"What role does the financial advisor play in the Collaborative Divorce model? Do we need to involve one in our divorce?"
Unlike in a traditional divorce case, where each spouse may hire and pay for his or her own financial advisor to work exclusively with that party, a financial professional in a Collaborative Divorce is completely neutral. The professional's job here is to evaluate both parties' assets and income without bias, and to analyze the overall financial picture, in order to help create a division of assets and, if relevant, a support-payment plan that works best for both sides.
The neutral perspective is essential to the collaborative process: the parties are often more likely to listen to and heed by the suggestions of a professional who doesn't take sides than similar suggestions from one of the lawyers. The neutrality of the financial advisor also helps to minimize the influence of the parties' emotions on the settlement, in order to analyze the situation objectively.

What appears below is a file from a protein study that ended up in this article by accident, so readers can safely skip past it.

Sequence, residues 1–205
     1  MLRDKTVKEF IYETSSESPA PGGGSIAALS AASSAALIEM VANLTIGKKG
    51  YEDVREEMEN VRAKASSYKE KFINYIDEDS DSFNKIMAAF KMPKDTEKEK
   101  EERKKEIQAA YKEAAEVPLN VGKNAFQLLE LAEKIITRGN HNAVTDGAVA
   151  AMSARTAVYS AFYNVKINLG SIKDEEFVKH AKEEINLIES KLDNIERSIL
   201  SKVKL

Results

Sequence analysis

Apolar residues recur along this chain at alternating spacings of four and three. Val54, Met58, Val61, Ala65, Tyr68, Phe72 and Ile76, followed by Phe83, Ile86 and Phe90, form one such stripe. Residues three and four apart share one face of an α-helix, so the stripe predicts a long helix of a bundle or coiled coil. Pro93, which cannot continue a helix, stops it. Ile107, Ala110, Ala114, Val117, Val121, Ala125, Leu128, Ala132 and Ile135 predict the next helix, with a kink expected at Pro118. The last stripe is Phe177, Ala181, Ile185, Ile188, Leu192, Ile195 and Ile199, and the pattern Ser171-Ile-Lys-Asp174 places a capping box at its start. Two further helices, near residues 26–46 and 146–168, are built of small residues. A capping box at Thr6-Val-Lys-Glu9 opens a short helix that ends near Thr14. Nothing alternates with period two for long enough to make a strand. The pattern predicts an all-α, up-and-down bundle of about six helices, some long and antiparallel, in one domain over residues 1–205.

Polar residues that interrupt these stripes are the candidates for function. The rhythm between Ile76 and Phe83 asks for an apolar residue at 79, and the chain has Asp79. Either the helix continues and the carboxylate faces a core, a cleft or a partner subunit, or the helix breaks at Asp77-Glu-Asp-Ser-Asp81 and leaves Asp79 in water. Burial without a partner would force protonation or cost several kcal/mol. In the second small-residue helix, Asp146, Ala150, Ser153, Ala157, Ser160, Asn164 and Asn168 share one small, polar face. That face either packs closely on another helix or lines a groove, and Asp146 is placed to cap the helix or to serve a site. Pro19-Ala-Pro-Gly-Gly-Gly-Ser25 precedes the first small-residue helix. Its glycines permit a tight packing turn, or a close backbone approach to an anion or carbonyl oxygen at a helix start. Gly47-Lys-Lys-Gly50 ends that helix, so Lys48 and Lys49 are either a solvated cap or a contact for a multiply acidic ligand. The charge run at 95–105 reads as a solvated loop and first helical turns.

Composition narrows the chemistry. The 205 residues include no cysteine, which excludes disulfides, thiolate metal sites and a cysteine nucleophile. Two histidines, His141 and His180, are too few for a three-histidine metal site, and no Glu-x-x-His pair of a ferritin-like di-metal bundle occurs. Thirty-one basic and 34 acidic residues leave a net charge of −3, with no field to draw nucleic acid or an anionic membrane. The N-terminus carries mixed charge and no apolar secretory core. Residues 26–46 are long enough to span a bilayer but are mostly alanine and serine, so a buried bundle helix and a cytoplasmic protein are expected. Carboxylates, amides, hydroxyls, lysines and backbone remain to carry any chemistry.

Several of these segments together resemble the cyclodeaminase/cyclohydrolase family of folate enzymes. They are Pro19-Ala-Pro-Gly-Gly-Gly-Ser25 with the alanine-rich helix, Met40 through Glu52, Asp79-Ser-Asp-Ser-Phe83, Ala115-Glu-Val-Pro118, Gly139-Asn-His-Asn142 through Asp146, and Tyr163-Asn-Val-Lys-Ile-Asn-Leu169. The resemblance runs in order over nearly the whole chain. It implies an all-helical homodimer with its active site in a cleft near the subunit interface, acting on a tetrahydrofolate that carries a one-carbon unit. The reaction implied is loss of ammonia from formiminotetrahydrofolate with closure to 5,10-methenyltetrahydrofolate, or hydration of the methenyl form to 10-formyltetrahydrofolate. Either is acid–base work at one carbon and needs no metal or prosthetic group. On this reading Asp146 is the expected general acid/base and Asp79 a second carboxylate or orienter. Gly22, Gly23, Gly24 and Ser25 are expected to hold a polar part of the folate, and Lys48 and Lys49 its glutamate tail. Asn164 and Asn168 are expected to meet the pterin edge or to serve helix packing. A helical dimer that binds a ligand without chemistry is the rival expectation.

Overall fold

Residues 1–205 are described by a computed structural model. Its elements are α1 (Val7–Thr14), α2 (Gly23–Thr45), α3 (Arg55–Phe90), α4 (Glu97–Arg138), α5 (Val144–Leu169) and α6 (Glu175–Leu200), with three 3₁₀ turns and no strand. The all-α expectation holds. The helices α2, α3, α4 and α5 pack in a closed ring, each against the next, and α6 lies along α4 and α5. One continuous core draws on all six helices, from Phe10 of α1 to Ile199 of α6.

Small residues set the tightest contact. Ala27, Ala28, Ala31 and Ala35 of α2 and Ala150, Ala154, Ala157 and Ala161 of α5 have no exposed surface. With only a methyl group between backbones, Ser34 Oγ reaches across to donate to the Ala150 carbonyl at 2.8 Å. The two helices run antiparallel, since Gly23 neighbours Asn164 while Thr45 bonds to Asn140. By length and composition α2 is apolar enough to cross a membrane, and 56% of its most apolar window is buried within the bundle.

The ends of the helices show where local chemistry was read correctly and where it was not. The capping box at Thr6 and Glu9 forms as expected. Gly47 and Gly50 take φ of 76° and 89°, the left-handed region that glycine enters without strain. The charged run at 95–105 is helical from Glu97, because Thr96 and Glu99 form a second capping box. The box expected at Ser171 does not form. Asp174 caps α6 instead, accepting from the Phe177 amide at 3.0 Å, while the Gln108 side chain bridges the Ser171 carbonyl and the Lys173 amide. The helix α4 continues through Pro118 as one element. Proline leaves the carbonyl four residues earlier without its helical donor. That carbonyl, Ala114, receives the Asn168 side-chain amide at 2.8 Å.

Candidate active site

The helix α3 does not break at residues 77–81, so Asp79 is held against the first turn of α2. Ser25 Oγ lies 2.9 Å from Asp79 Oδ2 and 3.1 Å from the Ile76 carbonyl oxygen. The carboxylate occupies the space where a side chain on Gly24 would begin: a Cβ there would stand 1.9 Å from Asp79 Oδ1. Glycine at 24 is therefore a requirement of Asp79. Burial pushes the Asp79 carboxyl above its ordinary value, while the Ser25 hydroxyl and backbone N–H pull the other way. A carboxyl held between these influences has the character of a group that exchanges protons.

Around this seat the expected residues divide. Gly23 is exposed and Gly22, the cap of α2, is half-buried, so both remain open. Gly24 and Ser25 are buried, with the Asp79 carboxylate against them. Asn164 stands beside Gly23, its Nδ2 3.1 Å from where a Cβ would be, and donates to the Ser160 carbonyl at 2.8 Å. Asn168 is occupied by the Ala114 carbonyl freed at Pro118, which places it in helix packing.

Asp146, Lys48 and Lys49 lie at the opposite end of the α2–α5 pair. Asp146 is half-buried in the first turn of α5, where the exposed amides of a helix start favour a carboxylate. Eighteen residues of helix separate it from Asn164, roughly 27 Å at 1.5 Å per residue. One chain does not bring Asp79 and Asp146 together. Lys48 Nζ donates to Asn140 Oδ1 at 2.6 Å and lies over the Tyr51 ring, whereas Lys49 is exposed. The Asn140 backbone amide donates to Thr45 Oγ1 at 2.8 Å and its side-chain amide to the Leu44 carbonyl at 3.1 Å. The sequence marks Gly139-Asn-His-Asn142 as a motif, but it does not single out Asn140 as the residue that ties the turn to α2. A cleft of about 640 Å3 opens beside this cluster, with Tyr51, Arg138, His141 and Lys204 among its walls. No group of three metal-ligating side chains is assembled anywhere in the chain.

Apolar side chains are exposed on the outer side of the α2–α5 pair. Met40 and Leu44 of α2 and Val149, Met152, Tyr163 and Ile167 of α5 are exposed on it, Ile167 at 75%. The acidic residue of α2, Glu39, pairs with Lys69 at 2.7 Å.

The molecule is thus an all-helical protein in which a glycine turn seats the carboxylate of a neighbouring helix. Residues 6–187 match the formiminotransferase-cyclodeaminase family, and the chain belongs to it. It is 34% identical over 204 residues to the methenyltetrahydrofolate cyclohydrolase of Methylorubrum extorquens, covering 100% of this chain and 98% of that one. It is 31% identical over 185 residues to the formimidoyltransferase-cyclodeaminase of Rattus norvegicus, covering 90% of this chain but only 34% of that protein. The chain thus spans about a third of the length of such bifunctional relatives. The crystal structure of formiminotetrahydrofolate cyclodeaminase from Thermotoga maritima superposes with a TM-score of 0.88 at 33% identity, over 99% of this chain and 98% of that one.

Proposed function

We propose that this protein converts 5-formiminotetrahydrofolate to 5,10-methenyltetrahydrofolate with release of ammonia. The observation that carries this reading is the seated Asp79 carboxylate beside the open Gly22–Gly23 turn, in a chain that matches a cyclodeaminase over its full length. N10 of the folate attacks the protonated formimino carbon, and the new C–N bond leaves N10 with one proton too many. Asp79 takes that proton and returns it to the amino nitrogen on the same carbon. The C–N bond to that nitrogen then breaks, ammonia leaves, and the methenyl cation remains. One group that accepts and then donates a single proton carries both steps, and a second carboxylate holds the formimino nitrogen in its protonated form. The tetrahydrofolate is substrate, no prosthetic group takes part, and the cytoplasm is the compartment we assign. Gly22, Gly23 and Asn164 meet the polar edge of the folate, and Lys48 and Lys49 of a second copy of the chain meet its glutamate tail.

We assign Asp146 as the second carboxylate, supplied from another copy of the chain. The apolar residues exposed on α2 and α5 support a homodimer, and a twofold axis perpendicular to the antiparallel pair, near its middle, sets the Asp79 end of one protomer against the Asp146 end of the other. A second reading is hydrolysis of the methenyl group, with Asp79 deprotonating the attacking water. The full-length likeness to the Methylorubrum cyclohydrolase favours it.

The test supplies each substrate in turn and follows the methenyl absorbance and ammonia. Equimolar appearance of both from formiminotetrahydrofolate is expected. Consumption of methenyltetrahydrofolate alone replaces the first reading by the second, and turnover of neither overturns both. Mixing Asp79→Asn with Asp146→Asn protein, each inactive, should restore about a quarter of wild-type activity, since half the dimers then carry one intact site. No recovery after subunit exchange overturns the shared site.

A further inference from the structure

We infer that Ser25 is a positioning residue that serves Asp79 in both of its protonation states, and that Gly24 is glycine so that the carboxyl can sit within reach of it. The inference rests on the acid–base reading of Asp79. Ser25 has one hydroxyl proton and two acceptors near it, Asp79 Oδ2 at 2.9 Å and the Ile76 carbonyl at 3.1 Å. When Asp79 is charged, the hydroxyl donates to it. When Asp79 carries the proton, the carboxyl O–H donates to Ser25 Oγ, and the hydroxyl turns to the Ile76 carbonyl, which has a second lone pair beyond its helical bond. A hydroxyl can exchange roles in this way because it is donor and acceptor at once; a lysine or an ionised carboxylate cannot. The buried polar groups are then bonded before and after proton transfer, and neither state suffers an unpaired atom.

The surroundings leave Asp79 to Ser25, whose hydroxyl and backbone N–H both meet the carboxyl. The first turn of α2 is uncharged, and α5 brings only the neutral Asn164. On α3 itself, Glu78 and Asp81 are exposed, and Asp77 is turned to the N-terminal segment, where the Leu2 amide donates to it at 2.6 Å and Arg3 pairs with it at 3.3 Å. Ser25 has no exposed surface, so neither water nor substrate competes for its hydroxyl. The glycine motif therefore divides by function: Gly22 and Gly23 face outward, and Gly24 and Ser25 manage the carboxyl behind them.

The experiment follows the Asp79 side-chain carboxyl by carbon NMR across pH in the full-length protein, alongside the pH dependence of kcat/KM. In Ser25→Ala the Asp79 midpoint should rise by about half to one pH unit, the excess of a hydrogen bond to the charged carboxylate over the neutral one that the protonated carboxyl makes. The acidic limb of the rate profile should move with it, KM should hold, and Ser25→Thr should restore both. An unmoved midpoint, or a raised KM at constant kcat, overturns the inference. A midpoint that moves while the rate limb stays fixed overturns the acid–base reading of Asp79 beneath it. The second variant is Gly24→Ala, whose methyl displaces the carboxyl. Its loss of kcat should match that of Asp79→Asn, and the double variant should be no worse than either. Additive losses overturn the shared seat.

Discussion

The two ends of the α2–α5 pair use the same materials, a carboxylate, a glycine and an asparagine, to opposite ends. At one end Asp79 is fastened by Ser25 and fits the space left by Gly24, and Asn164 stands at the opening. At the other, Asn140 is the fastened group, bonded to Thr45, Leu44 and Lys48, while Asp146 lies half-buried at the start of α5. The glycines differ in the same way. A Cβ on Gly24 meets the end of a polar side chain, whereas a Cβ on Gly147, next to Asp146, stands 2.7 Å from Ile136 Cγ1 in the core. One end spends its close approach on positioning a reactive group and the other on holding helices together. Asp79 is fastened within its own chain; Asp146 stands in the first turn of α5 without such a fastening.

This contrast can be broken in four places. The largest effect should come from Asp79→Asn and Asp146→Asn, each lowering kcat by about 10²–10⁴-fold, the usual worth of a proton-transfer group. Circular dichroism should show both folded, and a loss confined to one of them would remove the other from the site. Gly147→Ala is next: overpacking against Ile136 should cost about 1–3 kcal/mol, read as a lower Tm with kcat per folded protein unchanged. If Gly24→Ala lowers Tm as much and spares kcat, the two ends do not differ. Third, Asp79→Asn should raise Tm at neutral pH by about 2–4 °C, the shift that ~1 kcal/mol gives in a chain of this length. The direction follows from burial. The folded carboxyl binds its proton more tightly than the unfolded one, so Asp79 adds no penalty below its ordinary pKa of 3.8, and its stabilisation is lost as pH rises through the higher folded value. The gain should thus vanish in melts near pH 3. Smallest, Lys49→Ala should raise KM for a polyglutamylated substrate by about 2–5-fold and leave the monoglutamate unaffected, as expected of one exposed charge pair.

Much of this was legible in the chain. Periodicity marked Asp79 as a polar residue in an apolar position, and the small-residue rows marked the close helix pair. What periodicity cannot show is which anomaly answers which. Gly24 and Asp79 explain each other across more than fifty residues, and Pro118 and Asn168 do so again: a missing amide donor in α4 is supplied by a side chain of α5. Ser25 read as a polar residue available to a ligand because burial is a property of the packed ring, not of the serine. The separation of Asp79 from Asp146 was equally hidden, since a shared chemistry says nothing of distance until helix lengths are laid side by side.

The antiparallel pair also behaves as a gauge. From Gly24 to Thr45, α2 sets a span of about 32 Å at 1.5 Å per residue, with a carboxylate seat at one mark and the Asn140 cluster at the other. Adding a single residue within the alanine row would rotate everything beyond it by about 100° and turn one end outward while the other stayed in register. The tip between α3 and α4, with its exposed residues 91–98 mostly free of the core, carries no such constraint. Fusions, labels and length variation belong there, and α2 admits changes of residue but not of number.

Among other services, the financial professional in a Collaborative Divorce helps both parties to gather and organize all the relevant financial information regarding the marital assets and liabilities and to understand what the main financial issues of the divorce are. He or she also develops future projections of the parties' incomes and expenses, and of the values of the marital property and other assets, based on present calculations. Through this, the financial professional can provide practical and realistic options for dividing the marital estate and (when necessary) creating a support plan, leading to a financial resolution that both spouses can live with after the divorce.
Since every divorce has some level of financial issues, using a neutral financial advisor in your Collaborative Divorce is highly recommended. The financial professional has the expertise you need to make important decisions about your divorce settlement as you and your spouse make the transition from one to two households.